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Black Sabbath - Mob Rules CD (album) cover


Black Sabbath


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3.46 | 375 ratings

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Symphonic Team
3 stars Over and over, but not slipping away (yet!)

Mob Rules is Black Sabbath's tenth album and for the first time in their career they followed a formula. Say what you want about albums like Technical Ecstasy and Never Say Die, but they showed a band willing to change and try out new things. Mob Rules followed on the heels of the successful Heaven And Hell, and maybe they thought 'why divert from a successful formula?' Personally, I am prepared to forgive the formulaic approach here and for me Mob Rules is about as enjoyable as Heaven And Hell is!

With the sound of the band remaining constant, the line up, however, did not. Vinnie Appice takes over the drum stool here. He is a very competent replacement for Bill ward. The album opens with Turn Up The Night which is this album's Neon Knights. This is a powerful opening number. The Sign Of The Southern Cross is this album's Children Of The Sea and is actually my favourite Dio-era Black Sabbath song. It starts out with lovely acoustic guitar and an excellent vocal performance from Ronnie. This is every bit as good as Children Of The Sea!

Voodoo, Country Girl and the title track resembles Lady Evil, Whishing Well and Walk Away from the previous album. These are the least good songs from these albums. I can't help thinking that had they discarded these straightforward Hard Rock songs and put the longer, more elaborated songs from both albums onto a single album, it would have been a really excellent one! But this is what it is and as they stand both Heaven And Hell and Mob Rules are three star albums.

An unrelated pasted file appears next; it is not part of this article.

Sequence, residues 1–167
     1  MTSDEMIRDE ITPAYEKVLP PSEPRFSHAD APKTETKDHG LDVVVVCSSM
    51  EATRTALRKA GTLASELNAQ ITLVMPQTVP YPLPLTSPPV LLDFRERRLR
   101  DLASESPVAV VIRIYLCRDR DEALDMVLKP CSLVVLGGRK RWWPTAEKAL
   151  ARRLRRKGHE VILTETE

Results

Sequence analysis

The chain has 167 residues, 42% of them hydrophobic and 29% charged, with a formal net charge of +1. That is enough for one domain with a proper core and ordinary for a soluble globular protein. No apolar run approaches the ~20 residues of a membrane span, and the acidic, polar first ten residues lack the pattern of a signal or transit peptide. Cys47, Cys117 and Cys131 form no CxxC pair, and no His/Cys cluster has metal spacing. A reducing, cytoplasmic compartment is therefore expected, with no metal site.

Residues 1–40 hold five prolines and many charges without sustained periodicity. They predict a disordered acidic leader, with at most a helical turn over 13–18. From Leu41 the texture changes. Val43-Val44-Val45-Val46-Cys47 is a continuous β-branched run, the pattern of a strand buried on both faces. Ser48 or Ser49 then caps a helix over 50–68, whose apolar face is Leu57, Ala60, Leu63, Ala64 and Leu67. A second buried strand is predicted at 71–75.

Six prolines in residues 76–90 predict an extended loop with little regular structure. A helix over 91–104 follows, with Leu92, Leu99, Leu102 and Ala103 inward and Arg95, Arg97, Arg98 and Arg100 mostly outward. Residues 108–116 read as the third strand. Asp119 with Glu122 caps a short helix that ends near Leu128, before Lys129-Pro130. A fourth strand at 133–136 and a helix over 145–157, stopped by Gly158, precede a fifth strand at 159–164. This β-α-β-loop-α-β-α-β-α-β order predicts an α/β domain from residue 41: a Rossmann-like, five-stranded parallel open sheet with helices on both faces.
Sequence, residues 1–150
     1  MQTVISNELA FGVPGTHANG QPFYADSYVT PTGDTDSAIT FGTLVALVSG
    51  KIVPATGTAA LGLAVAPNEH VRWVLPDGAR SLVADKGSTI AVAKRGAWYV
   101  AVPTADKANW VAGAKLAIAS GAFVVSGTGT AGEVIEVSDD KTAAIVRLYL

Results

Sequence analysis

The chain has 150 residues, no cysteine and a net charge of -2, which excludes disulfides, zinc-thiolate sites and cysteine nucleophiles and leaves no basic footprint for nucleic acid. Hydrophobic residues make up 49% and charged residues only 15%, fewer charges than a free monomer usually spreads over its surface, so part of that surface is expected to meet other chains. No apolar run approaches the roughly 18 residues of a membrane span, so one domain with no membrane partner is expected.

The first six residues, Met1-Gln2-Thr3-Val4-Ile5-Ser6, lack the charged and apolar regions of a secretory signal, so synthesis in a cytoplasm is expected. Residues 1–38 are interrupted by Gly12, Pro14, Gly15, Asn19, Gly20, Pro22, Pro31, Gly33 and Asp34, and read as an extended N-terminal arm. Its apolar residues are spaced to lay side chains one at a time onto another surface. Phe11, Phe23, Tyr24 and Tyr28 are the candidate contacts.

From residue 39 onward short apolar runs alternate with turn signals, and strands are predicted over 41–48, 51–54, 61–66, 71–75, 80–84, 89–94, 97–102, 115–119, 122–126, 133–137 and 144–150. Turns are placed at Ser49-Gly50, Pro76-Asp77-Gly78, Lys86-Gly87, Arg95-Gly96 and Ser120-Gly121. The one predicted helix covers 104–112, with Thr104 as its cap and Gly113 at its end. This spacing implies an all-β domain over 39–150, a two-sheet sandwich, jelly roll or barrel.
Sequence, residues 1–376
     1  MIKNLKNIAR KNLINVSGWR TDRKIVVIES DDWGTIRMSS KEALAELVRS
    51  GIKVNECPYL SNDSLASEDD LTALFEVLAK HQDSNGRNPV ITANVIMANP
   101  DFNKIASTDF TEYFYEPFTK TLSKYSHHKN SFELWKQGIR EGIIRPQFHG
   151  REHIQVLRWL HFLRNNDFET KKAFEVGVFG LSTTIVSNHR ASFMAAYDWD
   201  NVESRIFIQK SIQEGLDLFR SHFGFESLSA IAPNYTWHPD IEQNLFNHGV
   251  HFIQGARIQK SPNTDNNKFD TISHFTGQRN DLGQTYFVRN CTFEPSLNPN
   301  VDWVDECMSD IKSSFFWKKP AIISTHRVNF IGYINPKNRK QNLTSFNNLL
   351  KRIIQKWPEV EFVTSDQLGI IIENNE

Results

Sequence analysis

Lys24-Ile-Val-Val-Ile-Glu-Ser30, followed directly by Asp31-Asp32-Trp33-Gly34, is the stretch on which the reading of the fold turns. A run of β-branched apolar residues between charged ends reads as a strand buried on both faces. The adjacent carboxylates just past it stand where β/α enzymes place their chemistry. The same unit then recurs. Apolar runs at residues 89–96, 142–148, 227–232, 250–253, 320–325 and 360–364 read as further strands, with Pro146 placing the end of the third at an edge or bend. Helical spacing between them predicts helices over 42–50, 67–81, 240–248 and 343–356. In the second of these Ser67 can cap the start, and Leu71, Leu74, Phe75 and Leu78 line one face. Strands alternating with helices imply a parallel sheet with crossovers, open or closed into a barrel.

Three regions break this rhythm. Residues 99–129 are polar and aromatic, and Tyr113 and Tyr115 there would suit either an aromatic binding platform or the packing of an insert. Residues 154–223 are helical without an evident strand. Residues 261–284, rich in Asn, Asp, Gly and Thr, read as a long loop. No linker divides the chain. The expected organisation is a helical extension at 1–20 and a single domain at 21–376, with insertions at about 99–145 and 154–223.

The instrumental E5150 does not have any representative on Heaven And Hell. But it follows in the same tradition as FX from Volume Four, only better. I'm not too impressed by this little interlude and I would probably not put it on my imaginary album. But I don't mind it too much. This inclusion might signal keyboardist Geoff Nicholls' increasing importance for the band. Nicholls was never recognized as a full member, but he contributed to every album from Heaven And Hell onwards plus following them on tours.

Falling Off The Edge Of The World and Over And Over would, on the other hand, definitely make it onto that dream album as they are excellent, heavy songs in the style of Lonely Is The Word. Again, these have excellent vocals by Ronnie.

As it stands, Mob Rules is a fine album that will undoubtedly appeal to most Black Sabbath fans as it does to me. While some songs have interesting bits, particularly the excellent The Sign Of The Southern Cross, the Dio-era albums are among Black Sabbath's least progressive albums. It is therefore hard for me to raise very much Prog-enthusiasm over these albums despite some engaging songs and moments. But at least one of these similar albums is worth having in your Prog collection.

SouthSideoftheSky | 3/5 |


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